Fat Free Zucchini Muffins

courgettesI’m a big fan of zucchini muffins.  They are great for breakfast or an afternoon snack.  Plus, they are easy to make.  Over the summer, I’ve made zucchini muffins more times than I can count and each time they were a little different.  My husband teases me and says that I never make something the same way twice.  I must agree.  I usually cook with what I already have in my kitchen.  It’s a great way to decrease cost and it helps prevent food from going bad.

My most recent zucchini muffins are very different than the rest.  All of the recipes that I have used call for oil and eggs to keep the muffins moist.  However, oil and eggs add a significant amount of fat.  I wanted to add some protein and try to decrease the fat content in my muffins.  I decided to use Greek yogurt instead of oil and eggs and the final product taste great.  Here’s my final recipe (which I think I will stick with for now on) and the links to a few other good ones.

Fat Free Zucchini Muffins

1 cup Fat Free Greek Yogurt

1 cup honey

1 Tablespoon vanilla extract

3 cups white whole-wheat flour

1 1/2 teaspoons baking soda

1/4 teaspoon baking powder

1/2 teaspoon salt

3 cups shredded zucchini

Preheat oven to 350 degrees.  Mix the yogurt, honey, and vanilla until fully combined.  Add the dry ingredients and stir until the dry ingredients have absorbed all the liquid.  Last of all, add the zucchini and mix well.

Pour the batter into lightly greased muffins tins and bake for 15-20 minutes.  You should end up with around 18 muffins.

The final result isn’t as sweet as other muffins, so keep that in mind if you have a sweet tooth.  Here are the other recipes that I have used and recommend.




Batch cooking, round 2

A few weeks before Spring Break we finished off our last frozen meal.  I was already planning on spending time during our Spring Break cooking and freezing more meals.  During those few weeks before our break, I realized  how convenient frozen meals were.  Supper took more time and effort to fix, and I missed the convenience of my frozen meals.

So, I started planning out what I would cook.  We enjoyed all of the meals I made last time, but I wanted to make some new dishes this time.  I also didn’t make any soup this time; I assumed since it would be spring soon, we would start to  have some warmer weather.  Although, it did snow the first 2 days of our Spring Break.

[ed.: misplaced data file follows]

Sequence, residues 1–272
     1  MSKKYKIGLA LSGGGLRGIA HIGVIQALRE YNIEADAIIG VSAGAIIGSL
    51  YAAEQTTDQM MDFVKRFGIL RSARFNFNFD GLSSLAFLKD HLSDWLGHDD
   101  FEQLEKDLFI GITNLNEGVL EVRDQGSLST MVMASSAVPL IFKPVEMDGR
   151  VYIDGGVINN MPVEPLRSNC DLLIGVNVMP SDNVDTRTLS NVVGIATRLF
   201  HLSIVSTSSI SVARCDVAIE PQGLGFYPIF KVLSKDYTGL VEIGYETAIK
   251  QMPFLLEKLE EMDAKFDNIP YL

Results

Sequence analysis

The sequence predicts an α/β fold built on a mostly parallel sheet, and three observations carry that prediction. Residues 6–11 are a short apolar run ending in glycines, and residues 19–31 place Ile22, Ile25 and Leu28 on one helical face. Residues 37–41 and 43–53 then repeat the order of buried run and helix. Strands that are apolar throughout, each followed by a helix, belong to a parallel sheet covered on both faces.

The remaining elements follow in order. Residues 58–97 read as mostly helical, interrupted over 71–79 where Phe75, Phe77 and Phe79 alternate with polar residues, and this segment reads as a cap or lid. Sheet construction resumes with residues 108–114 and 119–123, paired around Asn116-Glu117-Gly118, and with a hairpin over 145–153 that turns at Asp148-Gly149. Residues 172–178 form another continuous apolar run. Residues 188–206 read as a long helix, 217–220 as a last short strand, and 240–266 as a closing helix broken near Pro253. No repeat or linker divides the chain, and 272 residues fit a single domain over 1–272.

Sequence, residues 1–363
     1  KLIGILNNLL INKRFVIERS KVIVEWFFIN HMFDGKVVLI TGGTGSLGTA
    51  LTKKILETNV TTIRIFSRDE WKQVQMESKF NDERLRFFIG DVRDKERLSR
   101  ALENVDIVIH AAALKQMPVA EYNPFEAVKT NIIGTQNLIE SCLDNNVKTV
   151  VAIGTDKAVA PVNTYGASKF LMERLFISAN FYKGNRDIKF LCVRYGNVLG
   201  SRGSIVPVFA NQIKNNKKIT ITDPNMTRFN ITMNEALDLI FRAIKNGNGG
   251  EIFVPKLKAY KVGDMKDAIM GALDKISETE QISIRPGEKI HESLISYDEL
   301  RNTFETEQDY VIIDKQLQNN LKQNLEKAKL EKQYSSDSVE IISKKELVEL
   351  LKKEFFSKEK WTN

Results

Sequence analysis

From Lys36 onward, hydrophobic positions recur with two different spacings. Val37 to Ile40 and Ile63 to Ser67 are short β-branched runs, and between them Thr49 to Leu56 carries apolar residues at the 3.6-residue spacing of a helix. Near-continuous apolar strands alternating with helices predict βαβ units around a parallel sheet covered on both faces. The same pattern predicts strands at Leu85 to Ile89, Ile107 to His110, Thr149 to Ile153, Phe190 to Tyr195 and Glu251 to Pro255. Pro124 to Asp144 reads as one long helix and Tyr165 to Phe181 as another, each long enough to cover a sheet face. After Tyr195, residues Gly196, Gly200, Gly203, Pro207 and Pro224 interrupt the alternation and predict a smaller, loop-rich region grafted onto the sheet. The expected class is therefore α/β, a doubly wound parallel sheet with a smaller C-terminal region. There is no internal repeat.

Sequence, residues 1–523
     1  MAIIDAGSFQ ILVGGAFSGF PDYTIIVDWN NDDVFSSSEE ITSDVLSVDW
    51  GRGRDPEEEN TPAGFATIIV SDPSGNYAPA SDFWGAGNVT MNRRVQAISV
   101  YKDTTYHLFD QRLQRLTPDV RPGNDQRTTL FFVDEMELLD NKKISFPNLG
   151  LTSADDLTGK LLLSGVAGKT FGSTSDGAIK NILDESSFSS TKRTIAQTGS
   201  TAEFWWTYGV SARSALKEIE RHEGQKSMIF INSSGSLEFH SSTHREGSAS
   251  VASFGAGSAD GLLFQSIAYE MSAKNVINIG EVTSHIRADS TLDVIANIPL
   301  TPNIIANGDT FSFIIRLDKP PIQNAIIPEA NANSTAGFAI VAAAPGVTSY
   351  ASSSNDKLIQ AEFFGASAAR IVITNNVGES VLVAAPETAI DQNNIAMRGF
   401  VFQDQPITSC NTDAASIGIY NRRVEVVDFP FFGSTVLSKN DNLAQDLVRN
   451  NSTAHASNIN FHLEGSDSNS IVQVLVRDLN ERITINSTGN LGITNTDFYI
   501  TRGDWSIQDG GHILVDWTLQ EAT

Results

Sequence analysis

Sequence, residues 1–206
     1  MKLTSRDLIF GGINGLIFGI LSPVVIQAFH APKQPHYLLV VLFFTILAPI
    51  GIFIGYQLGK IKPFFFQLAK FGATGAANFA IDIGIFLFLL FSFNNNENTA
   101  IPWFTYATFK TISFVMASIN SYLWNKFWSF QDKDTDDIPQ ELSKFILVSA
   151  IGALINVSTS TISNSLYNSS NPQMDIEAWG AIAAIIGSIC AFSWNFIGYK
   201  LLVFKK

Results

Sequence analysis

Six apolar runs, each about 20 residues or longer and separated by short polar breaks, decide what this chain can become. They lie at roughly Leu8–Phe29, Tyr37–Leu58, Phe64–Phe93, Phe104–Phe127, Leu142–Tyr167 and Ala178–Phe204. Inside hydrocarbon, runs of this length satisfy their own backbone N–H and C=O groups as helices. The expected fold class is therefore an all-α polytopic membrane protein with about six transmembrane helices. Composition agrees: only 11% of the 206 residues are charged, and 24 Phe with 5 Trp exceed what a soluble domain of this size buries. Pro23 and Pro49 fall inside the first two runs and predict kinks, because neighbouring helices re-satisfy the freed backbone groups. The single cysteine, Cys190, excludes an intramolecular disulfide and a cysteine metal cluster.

Along with the 2 Shepard’s pie,



I also made 3 Chicken and Pasta Casseroles,



2 Taco Casseroles,



and 2 Chicken and Potato Casseroles.


The following day I cooked a 15 pound turkey in the oven, separated it into 1 pound bags, and vacuumed sealed them.  I also fixed 4 green bean kits and 5 meat loaves.

I have a feeling we will be well stocked until the summer.  I’ve come up with a few tips to help when planning on cooking a big batch of meals.

1. Potatoes that need to bake or boil get priority.

2.  Cook as much meat ahead of time as possible.

3.  Have a plan for the order in which you will fix the meals.

4. Keep in mind the pots that you will use and try to use as few as possible.

5.  Make sure the kids are not at home.

6.  Be very certain that you have all the ingredients you need.

7.  Find recipes that use very basic ingredients that are easy to fix.

8.  Find recipes that use similar ingredients. * Notice that 2 of my meals used potatoes which are very inexpensive.

I only spent $175 on all of the food, and I expect to get a total 50 servings.   Which, in the end, means that each serving will cost around $3.

Keep in mind that all the meat and fresh produce are organic and nothing I used was highly processed or pre-made.  I made all of the chicken broth (which was used in almost all of the recipes) from the chicken scraps, bought the cheese in blocks and shredded them, and used dried beans that I soaked the night before.

It took me about 8 hours to put everything together.  I was very tired at the end of the day but was proud of what I had accomplished.  If you haven’t tried cooking in bulk yet, I highly recommend you do it.  Start out small if you need but at least give it a try – and be sure to let me know how it goes.

Chicken and Potato Casserole

100_2887I love potatoes.  Fried, hashed, baked, stuffed, mashed, twice baked, you name it…  I love them. Most casseroles don’t use potatoes as a main ingredient.  Usually it is either rice or a pasta.  So, I was really excited when I found one online that used potatoes.  This dish can be made ahead of time and then frozen if desired.  I changed the recipe a little and added chicken in order to increase the protein in the dish.  Here’s my updated version as well as the original recipe.

Chicken and Potato Casserole

2 pounds red skinned potatoes

Olive oil

Kosher Salt

5 slices of bacon